Most of our case studies where similar to a story like this one about a homeowner who took great pride in his home. He insisted that only the best materials and products be used to care for it. So much so that he once wrote a letter to the manufacture of the cast iron pipes he had used in his plumbing, letting them know that he had found pouring hydrochloric acid down his drain was a fantastic way to clean the grease from his clogged pipes. He wrote to the manufacturer to make sure that there was no way using this acid was going to be harmful to the pipes.

The manufacturer quickly wrote him back saying, “Thank you for your letter. The effect of such acid upon ferrous-constructed materials is certain to be deleterious. We therefore strongly urge you to cease such activity in the interest of the future of your plumbing.”

He read their letter and responded, thanking them for their letter and telling them that he was relieved that he was doing the right thing in using the acid on the pipes.

Another letter came from the manufacturer. “We fear that there may have been some miscommunication in our correspondence. Acid, of that density, applied to cast iron pipe, is certain to have dubious results. Therefore, please desist from your current practices.”

The homeowner read the letter, wrote back, again thanking the company for its response and telling them once again that he was delighted that he was doing nothing that might harm the pipes.

Finally, the frustrated manufacturer sent a final letter by overnight express delivery. In big bold capital letters on the manufacturer’s letterhead, they wrote, “DON’T USE ACID. IT RUSTS AND DESTROYS THE PIPES!”

That might be similar to what happened when the breathe of the Holy Spirit came upon the disciples on that first Pentecost day. In the roaring wind and tongues of fire, something extraordinary happened. Something that changed the world and all followers of the risen Christ forever. Something in big bold capital letters from God that said, “I am giving you the breathe of the Holy Spirit. This is a good thing!!” Did they understand it? Did they know what had just happened?

There’s a wonderful old children’s story about a shark and a whale who were good friends. They were swimming along one day in the sea when the shark asked the whale, “You are so much older than I, and wiser too. Could you tell me where the ocean is?” The whale smiled gently and said, “The ocean is what you are in now.” The shark couldn’t possibly believe that. “Come on, tell me where the ocean is so I can find it!” The whale repeated, “The ocean is here, now; you are in it.” Still unbelieving, the shark swam away disgusted, still searching for the ocean.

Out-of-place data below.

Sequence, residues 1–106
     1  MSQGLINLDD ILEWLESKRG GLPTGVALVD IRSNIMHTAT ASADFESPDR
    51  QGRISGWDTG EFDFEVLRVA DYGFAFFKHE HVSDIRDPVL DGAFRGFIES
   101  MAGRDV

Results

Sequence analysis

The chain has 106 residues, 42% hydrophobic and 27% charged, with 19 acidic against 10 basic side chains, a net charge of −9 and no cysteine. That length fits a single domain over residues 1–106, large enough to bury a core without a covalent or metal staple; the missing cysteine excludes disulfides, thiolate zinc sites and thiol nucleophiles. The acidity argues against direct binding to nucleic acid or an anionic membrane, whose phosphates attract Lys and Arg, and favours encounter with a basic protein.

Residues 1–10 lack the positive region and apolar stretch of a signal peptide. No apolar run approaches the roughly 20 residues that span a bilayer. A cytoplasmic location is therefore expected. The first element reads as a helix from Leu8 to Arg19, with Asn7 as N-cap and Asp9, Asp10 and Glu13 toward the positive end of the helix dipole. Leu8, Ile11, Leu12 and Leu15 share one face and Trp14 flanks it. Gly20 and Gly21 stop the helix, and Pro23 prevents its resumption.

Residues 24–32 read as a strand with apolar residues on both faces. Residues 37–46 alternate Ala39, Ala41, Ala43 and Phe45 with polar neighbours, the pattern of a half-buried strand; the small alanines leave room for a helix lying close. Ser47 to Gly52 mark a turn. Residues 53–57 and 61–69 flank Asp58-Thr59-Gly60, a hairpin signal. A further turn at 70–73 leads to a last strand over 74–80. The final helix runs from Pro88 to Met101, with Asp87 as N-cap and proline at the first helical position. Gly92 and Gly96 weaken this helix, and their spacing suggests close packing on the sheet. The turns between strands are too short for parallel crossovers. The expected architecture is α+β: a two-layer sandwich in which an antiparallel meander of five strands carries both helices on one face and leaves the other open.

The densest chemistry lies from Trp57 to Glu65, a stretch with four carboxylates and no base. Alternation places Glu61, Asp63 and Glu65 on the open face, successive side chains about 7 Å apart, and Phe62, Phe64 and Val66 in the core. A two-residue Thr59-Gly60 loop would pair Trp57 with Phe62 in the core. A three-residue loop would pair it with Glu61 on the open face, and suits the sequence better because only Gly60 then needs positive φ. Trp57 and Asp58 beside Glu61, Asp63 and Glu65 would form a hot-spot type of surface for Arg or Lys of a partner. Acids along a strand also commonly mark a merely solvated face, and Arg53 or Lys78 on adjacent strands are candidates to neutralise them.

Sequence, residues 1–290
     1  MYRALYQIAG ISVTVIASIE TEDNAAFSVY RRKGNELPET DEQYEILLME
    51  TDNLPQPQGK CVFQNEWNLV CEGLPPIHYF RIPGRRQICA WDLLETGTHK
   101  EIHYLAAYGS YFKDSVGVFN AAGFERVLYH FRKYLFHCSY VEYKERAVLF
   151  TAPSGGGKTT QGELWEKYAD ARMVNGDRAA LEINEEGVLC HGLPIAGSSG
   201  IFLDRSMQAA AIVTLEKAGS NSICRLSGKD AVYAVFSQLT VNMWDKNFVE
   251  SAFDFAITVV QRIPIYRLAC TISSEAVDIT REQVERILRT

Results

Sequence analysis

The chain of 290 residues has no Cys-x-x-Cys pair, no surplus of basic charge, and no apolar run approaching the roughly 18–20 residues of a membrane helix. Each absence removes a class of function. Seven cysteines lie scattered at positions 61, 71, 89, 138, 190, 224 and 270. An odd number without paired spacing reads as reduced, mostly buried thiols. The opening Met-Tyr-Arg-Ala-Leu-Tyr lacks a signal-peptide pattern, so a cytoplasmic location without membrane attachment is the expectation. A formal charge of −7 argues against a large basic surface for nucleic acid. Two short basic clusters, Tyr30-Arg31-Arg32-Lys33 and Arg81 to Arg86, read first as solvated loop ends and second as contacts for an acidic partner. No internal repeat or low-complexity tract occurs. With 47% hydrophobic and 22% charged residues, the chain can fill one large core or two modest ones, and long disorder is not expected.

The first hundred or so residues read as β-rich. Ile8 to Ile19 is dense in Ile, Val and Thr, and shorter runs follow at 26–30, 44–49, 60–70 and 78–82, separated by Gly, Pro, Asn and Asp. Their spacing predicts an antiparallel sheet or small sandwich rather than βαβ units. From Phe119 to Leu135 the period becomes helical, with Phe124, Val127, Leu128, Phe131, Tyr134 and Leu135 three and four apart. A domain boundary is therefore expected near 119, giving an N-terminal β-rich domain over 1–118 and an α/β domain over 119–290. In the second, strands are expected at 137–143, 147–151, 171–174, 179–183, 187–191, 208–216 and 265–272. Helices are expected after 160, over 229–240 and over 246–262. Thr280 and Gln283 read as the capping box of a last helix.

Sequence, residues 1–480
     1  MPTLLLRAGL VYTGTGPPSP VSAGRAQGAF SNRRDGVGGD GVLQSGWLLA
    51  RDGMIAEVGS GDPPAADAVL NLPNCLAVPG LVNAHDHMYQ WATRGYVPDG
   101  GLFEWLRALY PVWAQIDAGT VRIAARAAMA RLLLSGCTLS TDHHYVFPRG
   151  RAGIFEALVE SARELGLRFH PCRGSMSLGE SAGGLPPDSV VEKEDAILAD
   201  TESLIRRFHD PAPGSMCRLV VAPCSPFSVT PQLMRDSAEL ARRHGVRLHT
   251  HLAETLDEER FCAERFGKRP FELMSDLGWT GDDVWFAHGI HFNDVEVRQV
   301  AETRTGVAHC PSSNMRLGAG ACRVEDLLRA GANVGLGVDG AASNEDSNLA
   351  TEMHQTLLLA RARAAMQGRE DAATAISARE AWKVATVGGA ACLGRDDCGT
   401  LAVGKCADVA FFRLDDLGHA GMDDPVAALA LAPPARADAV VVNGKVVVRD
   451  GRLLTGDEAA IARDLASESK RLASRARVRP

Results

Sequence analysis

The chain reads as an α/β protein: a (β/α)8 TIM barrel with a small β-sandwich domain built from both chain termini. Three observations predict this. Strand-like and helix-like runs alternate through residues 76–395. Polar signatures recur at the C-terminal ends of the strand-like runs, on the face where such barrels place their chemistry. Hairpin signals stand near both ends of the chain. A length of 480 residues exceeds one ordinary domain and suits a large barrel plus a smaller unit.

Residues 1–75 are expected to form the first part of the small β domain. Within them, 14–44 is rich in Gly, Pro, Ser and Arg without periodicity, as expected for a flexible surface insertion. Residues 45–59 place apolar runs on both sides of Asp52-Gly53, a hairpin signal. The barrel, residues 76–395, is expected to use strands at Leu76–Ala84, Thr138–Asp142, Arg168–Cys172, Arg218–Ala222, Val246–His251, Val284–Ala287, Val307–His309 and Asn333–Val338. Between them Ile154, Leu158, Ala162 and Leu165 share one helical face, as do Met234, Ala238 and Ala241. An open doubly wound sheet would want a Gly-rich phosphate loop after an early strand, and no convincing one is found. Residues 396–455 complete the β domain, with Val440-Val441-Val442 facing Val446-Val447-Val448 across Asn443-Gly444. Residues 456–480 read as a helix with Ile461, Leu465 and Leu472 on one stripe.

Brothers and sisters in Christ – don’t spend too much time looking for God, the spirit of God is here, now, all around you in the now of your life, dwelling within you, within me, and within this community of faith called Good Shepherd Lutheran Church. On that first Pentecost day, the breathe of the Holy Spirit was given to all who believe in the risen savior and Lord Jesus Christ.

Luther Seminary Professor David Lose wrote this about Pentecost this week, “In the cross of Christ, we see God’s strength mediated through suffering, God’s victory achieved through defeat, and new life pledged and provided through death. The crucified and resurrected God we meet in Jesus is a God of paradox, and so we should look for no less in God’s Holy Spirit.”

Receiving the breathe of the Holy Spirit – a gift that you and I are given in the water and word of Holy Baptism – is a communication from God that we must not receive lightly. This communication is the power and presence of the Holy Spirit, in big bold capital letters on God’s letterhead, that sends us into a broken world to be witnesses of God’s love using language that every broken heart can hear and understand.

Because we know what it is like to be broken by hatred and judgment, you and I can share with others the healing love of Christ’s sacrifice.

Because we know what it is like to be broken by despair, you and I can share with others the healing hope of Christ’s forgiveness.

Because we know what it is like to be broken by doubt, you and I can share with others the healing faith of Christ’s promises.

Because we know what it is like to be broken by illness, you and I can share with others the healing wholeness of Christ’s resurrection.

Because the Holy Spirit continues to breathe through us today, you and I can share with others the healing presence of God’s love for all people in everything that we say and do.

May God richly bless and keep you this week as you live and serve with the breath of the Holy Spirit rushing through you that changes the world each and every day.